Eastwind Development has promised Palm Beach Gardens officials that if they allow 136 apartments, 14 will be rented at rates that police, firefighters, teachers and nurses can afford.
PALM BEACH GARDENS — A Palm Beach Gardens developer wants to build apartments on land once slated for a six-story office building.
The question is how many apartments Eastwind Development will be allowed to build in City Centre, a commercial development at the corner of PGA Boulevard and Ellison Wilson Road. Right now, the number is zero.
If the city council makes changes to allow a mix of residential and commercial development, the developer could build 95 apartments, Palm Beach Gardens Planning & Zoning Director Natalie Crowley said.
But the developer is hoping to build 136 apartments in the planned Solera at City Centre because he’s promised to include 14 that police officers, firefighters, teachers and government employees can afford.
It’s up to the city council whether to approve the additional apartments on the 3-acre parcel in the southwest corner of City Centre, which also is home to Twisted Trunk Brewing, Sara’s Kitchen and PNC Bank. City Centre is roughly 14 acres.
Eastwind Development President Jack Weir said he wants this to become a template for developers in northern Palm Beach County and the county as a whole. He’s also trying to show investors that projects with workforce housing, also called essential services housing, make less risky investments. Tenants rent them out faster and stay longer, he said.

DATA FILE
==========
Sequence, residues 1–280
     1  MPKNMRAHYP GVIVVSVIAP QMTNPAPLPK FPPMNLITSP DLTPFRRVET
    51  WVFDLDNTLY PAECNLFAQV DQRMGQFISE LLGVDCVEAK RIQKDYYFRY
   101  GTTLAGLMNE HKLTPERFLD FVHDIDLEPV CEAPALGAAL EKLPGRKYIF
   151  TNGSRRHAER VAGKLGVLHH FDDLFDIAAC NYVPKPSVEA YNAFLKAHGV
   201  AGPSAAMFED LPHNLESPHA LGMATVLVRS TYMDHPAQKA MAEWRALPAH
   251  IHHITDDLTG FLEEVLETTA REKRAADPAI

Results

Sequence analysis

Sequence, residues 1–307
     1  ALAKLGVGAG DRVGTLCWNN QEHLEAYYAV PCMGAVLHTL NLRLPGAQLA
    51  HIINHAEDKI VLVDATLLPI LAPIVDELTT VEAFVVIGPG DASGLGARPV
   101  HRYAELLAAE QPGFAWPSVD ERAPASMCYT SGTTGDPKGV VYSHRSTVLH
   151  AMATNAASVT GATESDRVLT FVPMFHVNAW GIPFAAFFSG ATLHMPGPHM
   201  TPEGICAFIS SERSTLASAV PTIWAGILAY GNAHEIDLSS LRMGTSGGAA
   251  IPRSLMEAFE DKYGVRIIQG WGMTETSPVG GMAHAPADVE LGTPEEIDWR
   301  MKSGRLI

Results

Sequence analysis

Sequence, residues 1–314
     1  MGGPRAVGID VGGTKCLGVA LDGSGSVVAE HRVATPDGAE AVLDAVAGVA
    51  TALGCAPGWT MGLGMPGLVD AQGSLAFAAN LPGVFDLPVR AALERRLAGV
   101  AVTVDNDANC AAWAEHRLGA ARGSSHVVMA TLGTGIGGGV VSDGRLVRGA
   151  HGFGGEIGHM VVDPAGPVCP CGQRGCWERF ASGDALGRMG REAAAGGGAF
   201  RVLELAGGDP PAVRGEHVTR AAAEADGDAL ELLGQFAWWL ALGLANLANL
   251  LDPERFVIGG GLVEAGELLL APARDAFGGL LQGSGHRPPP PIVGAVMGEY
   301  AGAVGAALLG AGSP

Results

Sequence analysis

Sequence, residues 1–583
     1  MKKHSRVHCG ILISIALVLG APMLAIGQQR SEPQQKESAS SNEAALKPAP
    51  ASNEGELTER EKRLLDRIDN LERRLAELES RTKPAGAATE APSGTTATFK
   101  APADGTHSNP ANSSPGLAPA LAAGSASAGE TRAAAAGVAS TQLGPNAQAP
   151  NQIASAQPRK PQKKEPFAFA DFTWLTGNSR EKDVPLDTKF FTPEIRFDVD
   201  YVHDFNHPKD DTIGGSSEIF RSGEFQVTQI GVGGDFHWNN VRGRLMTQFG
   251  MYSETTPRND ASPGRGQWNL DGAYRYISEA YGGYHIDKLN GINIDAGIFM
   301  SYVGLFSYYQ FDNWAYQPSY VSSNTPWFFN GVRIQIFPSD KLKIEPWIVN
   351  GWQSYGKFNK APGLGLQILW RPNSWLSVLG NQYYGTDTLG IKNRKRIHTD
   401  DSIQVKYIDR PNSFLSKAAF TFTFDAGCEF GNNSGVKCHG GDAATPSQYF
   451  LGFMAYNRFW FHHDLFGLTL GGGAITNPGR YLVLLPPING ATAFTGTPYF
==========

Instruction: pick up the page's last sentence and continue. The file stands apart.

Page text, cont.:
“It contributes to the health of the community when people can live near where they work, where their children go to school, where they shop,” said Weir, who also is a board member of the Housing Leadership Council of Palm Beach County, a nonprofit organization that works on housing affordability issues.
It also benefits Business Development Board officials to have a variety of housing options when they’re trying to attract new businesses to Palm Beach County, Weir said.
City Centre is across from an unincorporated pocket where county officials approved 70 yet-to-be-built condos along the Intracoastal Waterway.
The Solera at City Centre apartments would generate less traffic than the commercial development approved for the site, which has been vacant for more than 20 years, according to the developer’s application. The city approved a 57,300-square-foot office building, but it was never built.
The apartments would range from 700 square feet for a one-bedroom to 1,250 square feet for a three-bedroom. Most would be one or two bedrooms. All would have 9-foot ceilings, tile and wood plank flooring, stainless steel appliances, granite countertops and conservation features to slash utility bills.
Eastwind plans to rent the apartments for working people for $1,525 to $1,775 a month, according to the development application. The rental rates will float, but the goal is to keep them $100 to $150 below the market rate for one-bedroom apartments and $200 to $250 below the going rate for the two-bedroom apartments, Weir said.
Eastwind put the property under contract in July. Weir said a confidentiality agreement prevented him from disclosing the sale price because the deal with City Centre Associates had not closed.
Although the City Centre isn’t within a quarter-mile radius of the future Tri-Rail station where experts have encouraged workforce housing, it is in a Palm Tran service area, Crowley said. It’s also within walking distance of grocery stores, restaurants and shops.
“We really like this location,” he said. “One of the things that we look for is walkability.”
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